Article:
Pakistan is one of the fastest growing economies in the region and that is a good sign for the auto industry as well. Pakistan’s automobile industry is likely to double the annual car assembling to half a million units within the next 10 years if economic policies remain consistent and interest rate continues to bolster auto financing.
The demand for four-wheel vehicles will rise from 0.28 million to 0.5 million in Pakistan within the next 12 years, according to a report by the Small and Medium Enterprises Development Authority (SMEDA). Moreover the China-Pakistan Economic Corridor (CPEC) will bring a lot of opportunities for the auto sector. This in turn will benefit the transport warehousing and freight forwarding services by further expanding the auto and logistics sector. Engineering sector particularly auto, logistics and agro-processing industry are high potential areas for collaboration between Pakistan and China. Auto is one of the fastest growing sectors in Pakistan and China is concentrating on collaboration to meet the augmenting demand of four-wheel vehicles in the country. With the changing trend of consumerism in the country, demand for agro-processing products is also increasing rapidly, adding that the requirements for processed and packaged semi-cooked food items, fruits and vegetables has also highly increased. This means improvement in quality for exploring international markets.
Pakistan expects to use the multi-billion-dollar Chinese investment to significantly enhance its industrial capacity and economic productivity backed by greater energy supply. It anticipates doing this through improved geographical linkages and upgraded road, rail and air transportation systems that facilitate a higher volume of trade flow. It is also eyeing opportunities of transfer of knowledge and technology with its Chinese counterparts. There has been significant progress in the 21 industrial, 8 infrastructure and 12 Gwadar-related projects that have commenced under the CPEC banner (with several industrial projects now being operational). 4 rail-based mass transit and 6 provincial projects are also in different stages of feasibility and beyond. In addition to this, 9 Special Economic Zones have also been proposed to be set up as part of the CPEC to boost industrial development.
The federal government will set up two SEZs, including the development of an industrial park at Port Qasim, near Karachi (with 1,500 acres of land). The second SEZ will be in the Islamabad Capital Territory; FATA, AJK, GB and the provinces will have one SEZ each, as well. Punjab aspires to set up an Economic Zone along the M-2 motorway in Sheikhupura district (5,000 acres). Sindh will establish its Special Economic Zone at Dhabeji, 80 km from the Karachi airport (1,000 acres). Khyber Pakhtunkhwa will set up Rashakai Economic Zone at Nowshera (1,000 acres) for fruit, food packaging, textile, stitching and knitting industries. Balochistan will set up an SEZ in Bostan, 23 km from Quetta airport (1,000 acres with 200 acres being developed already) for industries of fruit processing, agriculture machinery, pharmaceuticals, motorbikes assembly, cooking oil, ceramics, cold storage and electrical appliances. Gilgit-Baltistan will establish an SEZ at Moqpondass (250 acres) while AJK will establish a SEZ at Bhimber. In FATA, a boundary wall has been constructed around the Mohmand Marble City with 60 percent of the site having been developed and the remaining expected to be completed by June 2018.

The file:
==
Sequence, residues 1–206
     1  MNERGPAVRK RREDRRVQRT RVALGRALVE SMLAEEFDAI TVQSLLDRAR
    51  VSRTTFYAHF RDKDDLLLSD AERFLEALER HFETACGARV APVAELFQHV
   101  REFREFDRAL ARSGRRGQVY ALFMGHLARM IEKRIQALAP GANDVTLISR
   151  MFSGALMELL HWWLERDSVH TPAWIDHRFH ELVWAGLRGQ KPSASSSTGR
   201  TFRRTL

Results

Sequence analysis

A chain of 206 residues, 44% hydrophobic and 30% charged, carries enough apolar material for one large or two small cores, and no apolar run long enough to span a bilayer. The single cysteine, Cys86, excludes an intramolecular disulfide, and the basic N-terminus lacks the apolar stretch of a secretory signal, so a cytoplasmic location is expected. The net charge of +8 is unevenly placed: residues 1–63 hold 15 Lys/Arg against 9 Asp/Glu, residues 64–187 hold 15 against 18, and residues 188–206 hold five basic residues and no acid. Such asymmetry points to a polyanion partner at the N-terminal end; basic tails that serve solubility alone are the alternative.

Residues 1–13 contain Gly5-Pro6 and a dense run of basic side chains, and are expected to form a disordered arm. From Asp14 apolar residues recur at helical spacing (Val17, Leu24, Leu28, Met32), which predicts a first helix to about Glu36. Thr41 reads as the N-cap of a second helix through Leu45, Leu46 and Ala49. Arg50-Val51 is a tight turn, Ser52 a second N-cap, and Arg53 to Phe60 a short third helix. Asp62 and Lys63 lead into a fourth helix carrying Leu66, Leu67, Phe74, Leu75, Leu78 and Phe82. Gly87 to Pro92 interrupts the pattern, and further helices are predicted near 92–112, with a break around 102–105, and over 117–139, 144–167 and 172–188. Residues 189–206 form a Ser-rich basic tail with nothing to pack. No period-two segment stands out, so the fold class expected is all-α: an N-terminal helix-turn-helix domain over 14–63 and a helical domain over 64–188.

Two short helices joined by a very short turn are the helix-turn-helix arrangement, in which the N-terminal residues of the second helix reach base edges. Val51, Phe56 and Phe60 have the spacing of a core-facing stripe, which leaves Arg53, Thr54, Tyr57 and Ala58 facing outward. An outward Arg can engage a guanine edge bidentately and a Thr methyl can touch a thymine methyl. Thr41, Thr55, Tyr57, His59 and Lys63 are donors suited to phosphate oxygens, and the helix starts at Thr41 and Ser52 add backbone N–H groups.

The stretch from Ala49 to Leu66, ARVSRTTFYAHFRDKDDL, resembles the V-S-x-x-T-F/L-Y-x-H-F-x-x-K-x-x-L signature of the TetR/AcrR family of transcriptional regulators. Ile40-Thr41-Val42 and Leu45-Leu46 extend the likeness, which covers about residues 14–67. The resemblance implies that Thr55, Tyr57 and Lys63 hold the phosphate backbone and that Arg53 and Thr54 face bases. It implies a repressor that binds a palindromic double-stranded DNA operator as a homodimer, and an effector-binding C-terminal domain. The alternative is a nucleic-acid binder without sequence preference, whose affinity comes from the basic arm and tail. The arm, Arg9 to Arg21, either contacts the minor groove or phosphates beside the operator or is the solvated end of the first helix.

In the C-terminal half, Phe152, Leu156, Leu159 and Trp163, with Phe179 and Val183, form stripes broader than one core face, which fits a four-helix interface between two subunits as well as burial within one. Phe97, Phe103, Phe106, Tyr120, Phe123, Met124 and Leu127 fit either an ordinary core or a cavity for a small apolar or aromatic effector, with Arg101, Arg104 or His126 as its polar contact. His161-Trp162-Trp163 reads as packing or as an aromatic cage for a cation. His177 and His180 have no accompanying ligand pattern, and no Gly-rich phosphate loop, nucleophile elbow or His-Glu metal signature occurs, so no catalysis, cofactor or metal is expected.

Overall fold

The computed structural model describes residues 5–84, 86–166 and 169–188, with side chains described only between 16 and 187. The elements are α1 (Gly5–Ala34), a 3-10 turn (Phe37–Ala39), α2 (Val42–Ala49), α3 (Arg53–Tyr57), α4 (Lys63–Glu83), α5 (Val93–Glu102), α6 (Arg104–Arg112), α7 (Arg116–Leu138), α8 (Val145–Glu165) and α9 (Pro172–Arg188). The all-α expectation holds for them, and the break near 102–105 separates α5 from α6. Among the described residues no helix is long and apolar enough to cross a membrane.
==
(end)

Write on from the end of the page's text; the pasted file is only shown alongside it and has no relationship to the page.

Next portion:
In the initial phase, Pakistan should ideally focus on inherent industries where it has latent comparative advantageand where its abundant human skills are optimally capitalized such as leather, textile, food processing and marble. It would also be essential to develop the skills of labor in order to maximize on technology transfer opportunities presented by our economic collaboration with China.
Pakistan’s SEZs should be designed to amplify the productivity and trade flow of its existing industrial clusters in Sialkot, Gujranwala, and Faisalabad etc. with a focus on exportand value addition. Private investment (joint ventures/independent) should be encouraged through incentives to develop SEZs. Pakistan should prioritize putting Pakistani goods and produce on the CPEC. Also, considering the contribution of service sectors in Pakistan’s economic productivity, services specific economic zones should also be established with a focus on financial, accounting, legal and construction.